With slightly less than 4000 attendees, the annual gathering of Folk Alliance International is still small enough to be held in a hotel. It doesn’t have a stadium-draw headliner, but other than that and lack of a campground, there’s everything else you’d want in a music festival. And most of it is done better than what you get at events 5-10 times the size.
Started by Louis J. Meyer 30 years ago, Folk Alliance focuses on the musicians and the rest of us are along for the ride. There are various seminars for the business of music, panels to talk about the issues of the day, and clinics with low-or-no cost assistance for musicians. But the real value is the networking. Several times every FAI event I hear people talk about how they found an publicist, or got booked for a show, or sometimes just found a couch to surf when they’re out on tour. The crowds and distances between venues at SXSW or AmericanaFest just don’t let that happen very easily. At Folk Alliance, you can run into your next manager in the elevator to the lobby.
There’s also the music. The official showcases occupy 8-10 of the hotel’s ballrooms from about 6 pm until 10 or 10:30. As you expect, there are abbreviated sets that lets 7-8 acts cycle through each room each of the 3 nights. Since many of the rooms are only a couple of hundred feet apart, it’s easy to see a dozen shows in a night. I would consider that a success at most festivals.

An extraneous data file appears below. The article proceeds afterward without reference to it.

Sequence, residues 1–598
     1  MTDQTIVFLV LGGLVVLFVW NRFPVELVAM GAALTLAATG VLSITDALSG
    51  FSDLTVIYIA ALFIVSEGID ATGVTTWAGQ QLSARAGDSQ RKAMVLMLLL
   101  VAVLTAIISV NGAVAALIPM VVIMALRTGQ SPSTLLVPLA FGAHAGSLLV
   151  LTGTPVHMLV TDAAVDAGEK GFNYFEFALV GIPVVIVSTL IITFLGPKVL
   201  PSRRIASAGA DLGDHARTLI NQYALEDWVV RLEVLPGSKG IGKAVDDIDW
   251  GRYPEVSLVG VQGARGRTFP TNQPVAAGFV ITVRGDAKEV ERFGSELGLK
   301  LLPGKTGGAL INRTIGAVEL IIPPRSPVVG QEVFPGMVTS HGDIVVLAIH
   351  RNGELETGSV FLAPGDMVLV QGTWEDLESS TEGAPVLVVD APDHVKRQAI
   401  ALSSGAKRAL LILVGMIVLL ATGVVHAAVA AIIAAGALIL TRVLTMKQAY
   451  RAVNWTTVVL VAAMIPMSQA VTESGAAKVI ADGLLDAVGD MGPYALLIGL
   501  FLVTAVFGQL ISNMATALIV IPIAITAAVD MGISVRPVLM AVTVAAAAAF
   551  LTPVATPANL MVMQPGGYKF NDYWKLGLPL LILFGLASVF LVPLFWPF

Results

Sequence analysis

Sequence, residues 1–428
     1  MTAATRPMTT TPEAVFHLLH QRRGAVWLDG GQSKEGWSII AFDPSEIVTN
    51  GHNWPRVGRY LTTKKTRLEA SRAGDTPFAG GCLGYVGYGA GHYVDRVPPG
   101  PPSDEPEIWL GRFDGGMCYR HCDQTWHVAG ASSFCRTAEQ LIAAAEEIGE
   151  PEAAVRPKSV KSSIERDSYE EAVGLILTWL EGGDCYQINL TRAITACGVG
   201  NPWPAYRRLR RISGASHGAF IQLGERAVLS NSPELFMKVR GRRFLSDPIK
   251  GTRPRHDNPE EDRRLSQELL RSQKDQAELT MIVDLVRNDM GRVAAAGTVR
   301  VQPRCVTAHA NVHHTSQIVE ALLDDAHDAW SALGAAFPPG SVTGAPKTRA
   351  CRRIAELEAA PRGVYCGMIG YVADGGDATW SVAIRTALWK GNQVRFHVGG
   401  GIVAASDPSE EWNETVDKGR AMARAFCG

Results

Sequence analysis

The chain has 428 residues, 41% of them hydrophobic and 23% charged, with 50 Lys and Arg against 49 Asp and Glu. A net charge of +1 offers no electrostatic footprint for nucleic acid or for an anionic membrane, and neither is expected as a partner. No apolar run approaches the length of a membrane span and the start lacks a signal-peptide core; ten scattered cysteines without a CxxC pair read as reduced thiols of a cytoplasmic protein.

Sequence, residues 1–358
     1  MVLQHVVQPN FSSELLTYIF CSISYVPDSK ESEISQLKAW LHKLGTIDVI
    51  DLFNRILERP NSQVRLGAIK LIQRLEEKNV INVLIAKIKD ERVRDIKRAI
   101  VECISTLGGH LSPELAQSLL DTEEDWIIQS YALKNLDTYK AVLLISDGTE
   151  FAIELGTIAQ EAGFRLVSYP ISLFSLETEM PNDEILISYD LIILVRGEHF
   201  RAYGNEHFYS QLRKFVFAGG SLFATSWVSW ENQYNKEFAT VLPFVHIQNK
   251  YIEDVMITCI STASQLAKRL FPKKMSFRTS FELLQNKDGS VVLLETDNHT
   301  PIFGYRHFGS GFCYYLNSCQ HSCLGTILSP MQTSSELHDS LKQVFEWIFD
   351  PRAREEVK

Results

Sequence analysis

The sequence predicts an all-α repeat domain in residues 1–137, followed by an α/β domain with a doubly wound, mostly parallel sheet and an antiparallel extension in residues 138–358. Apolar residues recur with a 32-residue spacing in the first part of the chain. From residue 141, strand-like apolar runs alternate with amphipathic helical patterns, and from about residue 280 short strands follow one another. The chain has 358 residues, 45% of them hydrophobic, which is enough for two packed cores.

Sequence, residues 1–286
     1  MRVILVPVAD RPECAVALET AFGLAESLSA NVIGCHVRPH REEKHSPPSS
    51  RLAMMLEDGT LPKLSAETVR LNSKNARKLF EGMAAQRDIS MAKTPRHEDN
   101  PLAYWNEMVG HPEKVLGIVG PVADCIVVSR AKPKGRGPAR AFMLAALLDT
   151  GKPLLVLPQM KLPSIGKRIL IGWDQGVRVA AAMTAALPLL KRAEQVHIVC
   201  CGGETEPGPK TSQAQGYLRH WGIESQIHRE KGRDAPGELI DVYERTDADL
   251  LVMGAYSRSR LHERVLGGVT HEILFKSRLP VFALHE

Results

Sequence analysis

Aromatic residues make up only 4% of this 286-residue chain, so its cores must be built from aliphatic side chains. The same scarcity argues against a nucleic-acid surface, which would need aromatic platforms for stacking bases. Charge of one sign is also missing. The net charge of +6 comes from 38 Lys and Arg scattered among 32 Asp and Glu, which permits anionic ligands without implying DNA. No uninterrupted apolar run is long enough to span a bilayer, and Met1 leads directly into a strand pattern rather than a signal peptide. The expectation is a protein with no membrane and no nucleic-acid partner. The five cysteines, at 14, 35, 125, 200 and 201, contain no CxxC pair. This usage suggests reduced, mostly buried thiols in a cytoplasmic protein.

The real treasure at Folk Alliance, though, is the unofficial showcases that pick up after the official events are over, and last until 2 or 3 (or sometimes 4) in the morning. They’re up on 3 floors of the hotel where, literally, beds in rooms get pushed aside and you see/hear an act with fewer than 20 other people, typically half of whom are other musicians with a gig down the hall in half an hour. The concentrated space means you run into everyone in the hallways and easily share notes on what to see, who’s working with whom, even where to eat lunch.
So if you have a love of lesser known names in our musical genre, or just want the best live musical experience you’ve ever had, I highly recommend putting Folk Alliance on your bucket list.
About the author: I've actually driven from Tehatchapee to Tonopah. And I've seen Dallas from a DC-9 at night.